Tips to say goodbye and help kids feel more secure in your absence
Dear Dr. Borba,
I’m starting back to work a couple days a week and I’m in a panic. My toddler clings and cries so hard when I leave just to go to the grocery store that breaks my heart. Is there anyway to help my daughter feel more secure now?
Susan M., from Reno Nevada
Leaving our children is tough, but when we know they feel insecure it can be heartbreaking. Do know there are solutions you can do now to help ease the pain and help your young child feel more secure in your absence. The key is to slowly start implementing these tips way several weeks before you have to finally go back to work. Find what works for your family and then turn the strategy into a goodbye routine. Routines and structure are known quantities to help kids feel more secure.
Step 1. Prepare Your Child For Short Goodbyes
Provide a “lovey”
Give a security blanket, cuddly stuffed animal or some kind of “security substitute” for your baby to use in your absence. It is a way for your toddler to soothe herself when you’re not there. And here is interesting research on the power of those most-loved security objects.
REALITY CHECK: Does your toddler have a comfy? If not, you may want to consider giving her one now to help ease separation anxieties. For over three decades Richard H. Passman, a psychologist at the University of Wisconsin, has studied children and security objects. His research finds that tots who are more insecure but strongly attached to their beloved blankies, seem to adjust better in stressful situations. Those adored blankies and well-worn teddy bears (or whatever else is your little one has latched onto) really are great security builders, and that’s regardless of just how strong your child is attached to you. But an even more interesting study finding is this, If you had a blankie as a tot, your child is more than likely have one as well. Those comforting memories of our security blankets just never seem to fade.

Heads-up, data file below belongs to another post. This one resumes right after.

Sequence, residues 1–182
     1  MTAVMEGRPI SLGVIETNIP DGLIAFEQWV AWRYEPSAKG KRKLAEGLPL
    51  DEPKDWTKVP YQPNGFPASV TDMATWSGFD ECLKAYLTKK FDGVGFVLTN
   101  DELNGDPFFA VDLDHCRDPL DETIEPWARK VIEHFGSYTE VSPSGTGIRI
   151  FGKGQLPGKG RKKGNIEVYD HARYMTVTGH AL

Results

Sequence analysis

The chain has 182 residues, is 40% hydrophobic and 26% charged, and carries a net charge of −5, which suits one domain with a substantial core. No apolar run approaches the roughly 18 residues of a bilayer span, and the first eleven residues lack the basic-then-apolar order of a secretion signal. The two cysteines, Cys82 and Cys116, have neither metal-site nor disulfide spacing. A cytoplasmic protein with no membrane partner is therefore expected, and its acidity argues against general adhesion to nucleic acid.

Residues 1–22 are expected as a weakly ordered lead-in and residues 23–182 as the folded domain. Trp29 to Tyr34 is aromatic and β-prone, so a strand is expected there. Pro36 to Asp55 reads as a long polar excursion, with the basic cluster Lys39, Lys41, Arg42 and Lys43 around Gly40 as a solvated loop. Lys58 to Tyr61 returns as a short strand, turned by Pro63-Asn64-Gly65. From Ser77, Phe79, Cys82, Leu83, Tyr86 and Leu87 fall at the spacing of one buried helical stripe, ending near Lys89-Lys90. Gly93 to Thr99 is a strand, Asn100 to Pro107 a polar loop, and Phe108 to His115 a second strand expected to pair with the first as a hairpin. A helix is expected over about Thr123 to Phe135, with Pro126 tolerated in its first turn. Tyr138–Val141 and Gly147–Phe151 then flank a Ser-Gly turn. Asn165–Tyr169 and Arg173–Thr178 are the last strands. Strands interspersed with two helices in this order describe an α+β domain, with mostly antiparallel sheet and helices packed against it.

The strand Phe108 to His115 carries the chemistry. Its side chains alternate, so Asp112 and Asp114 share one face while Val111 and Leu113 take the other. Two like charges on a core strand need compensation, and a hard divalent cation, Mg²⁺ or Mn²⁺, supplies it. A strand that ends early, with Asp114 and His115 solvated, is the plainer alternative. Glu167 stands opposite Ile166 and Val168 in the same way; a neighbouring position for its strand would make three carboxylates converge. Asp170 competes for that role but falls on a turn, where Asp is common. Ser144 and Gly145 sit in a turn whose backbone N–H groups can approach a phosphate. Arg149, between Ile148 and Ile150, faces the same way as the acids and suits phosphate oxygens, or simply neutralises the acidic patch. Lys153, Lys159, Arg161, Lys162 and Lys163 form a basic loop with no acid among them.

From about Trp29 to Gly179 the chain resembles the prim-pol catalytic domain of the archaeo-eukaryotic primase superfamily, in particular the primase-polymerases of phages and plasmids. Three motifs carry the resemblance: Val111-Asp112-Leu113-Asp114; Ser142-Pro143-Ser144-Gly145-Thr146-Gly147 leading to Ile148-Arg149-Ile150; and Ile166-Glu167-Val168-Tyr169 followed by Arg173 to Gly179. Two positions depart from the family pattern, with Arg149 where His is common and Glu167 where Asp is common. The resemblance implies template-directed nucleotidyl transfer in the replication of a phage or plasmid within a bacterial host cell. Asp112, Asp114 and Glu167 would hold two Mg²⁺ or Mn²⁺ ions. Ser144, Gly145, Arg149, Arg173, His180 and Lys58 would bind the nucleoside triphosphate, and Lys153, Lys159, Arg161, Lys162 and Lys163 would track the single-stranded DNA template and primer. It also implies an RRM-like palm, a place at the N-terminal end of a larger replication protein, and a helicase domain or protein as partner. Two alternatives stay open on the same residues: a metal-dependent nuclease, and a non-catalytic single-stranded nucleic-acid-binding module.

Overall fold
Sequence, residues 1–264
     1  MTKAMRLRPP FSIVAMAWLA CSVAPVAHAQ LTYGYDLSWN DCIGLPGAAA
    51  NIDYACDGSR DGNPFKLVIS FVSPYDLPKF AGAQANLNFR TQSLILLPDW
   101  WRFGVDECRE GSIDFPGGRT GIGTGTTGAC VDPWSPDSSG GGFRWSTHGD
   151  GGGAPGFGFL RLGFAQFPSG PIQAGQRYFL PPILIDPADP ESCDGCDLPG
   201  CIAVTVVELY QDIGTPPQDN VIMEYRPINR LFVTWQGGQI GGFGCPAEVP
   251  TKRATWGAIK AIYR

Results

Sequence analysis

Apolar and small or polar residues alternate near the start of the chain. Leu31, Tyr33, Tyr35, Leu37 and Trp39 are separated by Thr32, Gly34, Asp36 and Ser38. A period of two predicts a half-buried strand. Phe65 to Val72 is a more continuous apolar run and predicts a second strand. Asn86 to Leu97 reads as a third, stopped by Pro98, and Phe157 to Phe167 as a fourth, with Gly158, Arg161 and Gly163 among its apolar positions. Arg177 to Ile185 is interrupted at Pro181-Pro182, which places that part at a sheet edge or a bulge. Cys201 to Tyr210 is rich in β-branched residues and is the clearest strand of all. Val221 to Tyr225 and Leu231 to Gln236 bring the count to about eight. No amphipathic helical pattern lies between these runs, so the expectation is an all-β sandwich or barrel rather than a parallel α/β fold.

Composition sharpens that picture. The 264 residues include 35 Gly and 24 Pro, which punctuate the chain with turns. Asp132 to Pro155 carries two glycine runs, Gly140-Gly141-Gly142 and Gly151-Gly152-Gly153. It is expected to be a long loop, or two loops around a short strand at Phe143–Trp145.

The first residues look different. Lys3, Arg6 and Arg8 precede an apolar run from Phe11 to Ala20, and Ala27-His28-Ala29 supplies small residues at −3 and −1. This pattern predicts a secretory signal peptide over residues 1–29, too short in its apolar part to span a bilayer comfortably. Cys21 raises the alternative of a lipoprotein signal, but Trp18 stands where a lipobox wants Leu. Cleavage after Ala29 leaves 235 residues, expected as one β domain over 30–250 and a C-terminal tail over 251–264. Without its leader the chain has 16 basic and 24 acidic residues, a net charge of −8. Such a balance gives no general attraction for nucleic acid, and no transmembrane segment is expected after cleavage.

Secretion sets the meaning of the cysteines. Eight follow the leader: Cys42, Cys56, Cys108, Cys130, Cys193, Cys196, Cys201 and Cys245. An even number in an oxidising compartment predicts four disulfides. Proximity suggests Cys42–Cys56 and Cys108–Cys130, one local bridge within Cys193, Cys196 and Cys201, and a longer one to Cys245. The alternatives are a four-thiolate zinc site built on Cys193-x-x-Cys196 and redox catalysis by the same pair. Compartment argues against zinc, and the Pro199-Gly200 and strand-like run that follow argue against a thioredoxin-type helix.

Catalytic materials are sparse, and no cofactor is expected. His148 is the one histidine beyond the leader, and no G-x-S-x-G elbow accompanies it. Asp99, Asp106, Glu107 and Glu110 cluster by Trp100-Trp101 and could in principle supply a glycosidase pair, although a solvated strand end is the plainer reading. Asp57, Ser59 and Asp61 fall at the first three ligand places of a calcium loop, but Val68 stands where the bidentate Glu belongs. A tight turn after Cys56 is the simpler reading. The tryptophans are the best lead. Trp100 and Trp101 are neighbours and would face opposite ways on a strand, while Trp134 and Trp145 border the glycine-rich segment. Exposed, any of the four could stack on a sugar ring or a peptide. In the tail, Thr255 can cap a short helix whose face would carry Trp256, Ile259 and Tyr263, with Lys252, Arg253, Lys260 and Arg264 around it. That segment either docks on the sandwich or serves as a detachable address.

For a slightly older child, cut a corner of the blanket for her to put into her pocket and carry. It works wonders for kindergarteners who have relied on that blankey but can’t carry it into that classroom. For an older child, try finding a special small object like a pebble or shell (or whatever). The child puts it in his pocket and each time he touches it, tell him you’re thinking about him.
Create secure transitions
Start several weeks before you leave by practicing good-byes with your little one. Start with just saying goodbye when it’s just the two of you. Then just leave a bit to go to the next room and pop back in with a big hello. Your child will begin to realize “Mommy does return.”
Step 2. Gradually Introduce the Child to the Caregiver
Find a caregiver now
Help your child learn to trust the caregiver with the three of you together. Just little doses of getting to know the new giver ahead of time will help when the official goodbye finally comes. The sitter, you and child can do brief little activities together. Your goal is to allow the sitter to slowly have more and more alone time with your child.